Thread: I encourage everyone to have a glance over the Quake II source code

  1. #1
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    I encourage everyone to have a glance over the Quake II source code

    Better yet, any source code that was released by ID software.

    You can find it all, here:

    https://github.com/id-Software/Quake-2

    It is so incredibly clean, elegant and pushes everything out of the C programming language including some Godlike pointer hacking and bit field manipulation. Function pointers and callbacks are made to look smooth.

    This is the work of the programming God John Carmack and his team Brian Hook and George Cash.

    The opinions are not new, this article outlines the beauty of Doom III's source code:
    The Exceptional Beauty of Doom 3's Source Code

    These guys were magicians and I aspire to be like them one day.

  2. #2
    C++まいる!Cをこわせ!
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    Sounds like a nightmare to me.
    Quote Originally Posted by Adak View Post
    io.h certainly IS included in some modern compilers. It is no longer part of the standard for C, but it is nevertheless, included in the very latest Pelles C versions.
    Quote Originally Posted by Salem View Post
    You mean it's included as a crutch to help ancient programmers limp along without them having to relearn too much.

    Outside of your DOS world, your header file is meaningless.

  3. #3
    and the hat of copycat stevesmithx's Avatar
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    My props to John Carmack and his team. And I like the fanboy in you, but this raises a question: If John is God, then what do you call Dennis Ritchie? Meta-God??

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    Officially An Architect brewbuck's Avatar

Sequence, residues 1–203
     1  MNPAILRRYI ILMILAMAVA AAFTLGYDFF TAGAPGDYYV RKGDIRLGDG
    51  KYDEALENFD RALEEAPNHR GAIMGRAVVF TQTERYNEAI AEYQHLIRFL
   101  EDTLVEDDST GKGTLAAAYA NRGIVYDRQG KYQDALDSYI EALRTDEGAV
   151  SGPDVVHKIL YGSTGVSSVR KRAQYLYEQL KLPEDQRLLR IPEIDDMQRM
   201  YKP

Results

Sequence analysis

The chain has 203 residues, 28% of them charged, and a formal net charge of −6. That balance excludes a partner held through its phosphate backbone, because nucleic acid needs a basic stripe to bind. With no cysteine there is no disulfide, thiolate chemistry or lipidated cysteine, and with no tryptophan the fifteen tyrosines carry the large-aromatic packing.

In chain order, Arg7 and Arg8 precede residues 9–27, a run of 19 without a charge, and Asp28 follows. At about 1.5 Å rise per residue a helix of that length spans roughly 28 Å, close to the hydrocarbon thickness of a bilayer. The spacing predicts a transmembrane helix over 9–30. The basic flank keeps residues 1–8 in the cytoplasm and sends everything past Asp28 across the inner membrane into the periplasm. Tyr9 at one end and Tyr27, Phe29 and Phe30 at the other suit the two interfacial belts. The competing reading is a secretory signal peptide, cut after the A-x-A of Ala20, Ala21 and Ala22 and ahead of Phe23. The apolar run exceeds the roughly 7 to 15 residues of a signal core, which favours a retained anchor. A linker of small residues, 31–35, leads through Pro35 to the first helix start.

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    I've looked over this code before. It's... eh... decent, I guess. There are plenty of tricks and hacks that make the code fast enough to pull off a really awesome video game -- and I don't dispute whatsoever that Quake II was an awesome game -- but it's hardly a shining example of clean, well-architected code.

    It got the job done and made Carmack and his coworkers a lot of money. That's all well and good for Carmack, but you're not Carmack. You should set your sights a little higher if you're looking for examples of well-designed code.
    Code:
    //try
    //{
    	if (a) do { f( b); } while(1);
    	else   do { f(!b); } while(1);
    //}

  5. #5
    Unregistered User Yarin's Avatar
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    Quote Originally Posted by brewbuck View Post
    but it's hardly a shining example of clean, well-architected code
    What code is?

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    Quote Originally Posted by Yarin View Post
    What code is?
    Windows 2000
    What can this strange device be?
    When I touch it, it gives forth a sound
    It's got wires that vibrate and give music
    What can this thing be that I found?

  7. #7
    Officially An Architect brewbuck's Avatar
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    Quote Originally Posted by Yarin View Post
    What code is?
    The source code of Clang.
    Code:
    //try
    //{
    	if (a) do { f( b); } while(1);
    	else   do { f(!b); } while(1);
    //}

  8. #8
    (?<!re)tired Mario F.'s Avatar
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    Quote Originally Posted by brewbuck View Post
    The source code of Clang.
    That was funny. Now, an application that isn't obviously a C programming tool.

    I think you are being too hard on Mr. Carmack and the OP. From constraints in the development time to the mediocre skill level of a large portion of professional developers, it's always a reason to rejoice when we can find generally smart and clean production code that also respects best practices in such a complex language like C or C++.
    Originally Posted by brewbuck:
    Reimplementing a large system in another language to get a 25% performance boost is nonsense. It would be cheaper to just get a computer which is 25% faster.

  9. #9
    Unregistered User Yarin's Avatar
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    Quote Originally Posted by Elkvis View Post
    I forgot how good this was. They really comment well.
    Code:
    // HACK ON TOP OF HACK ALERT
    A paragon of code quality if I don't say so myself.

  10. #10
    Officially An Architect brewbuck's Avatar
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    Quote Originally Posted by Mario F. View Post
    That was funny. Now, an application that isn't obviously a C programming tool.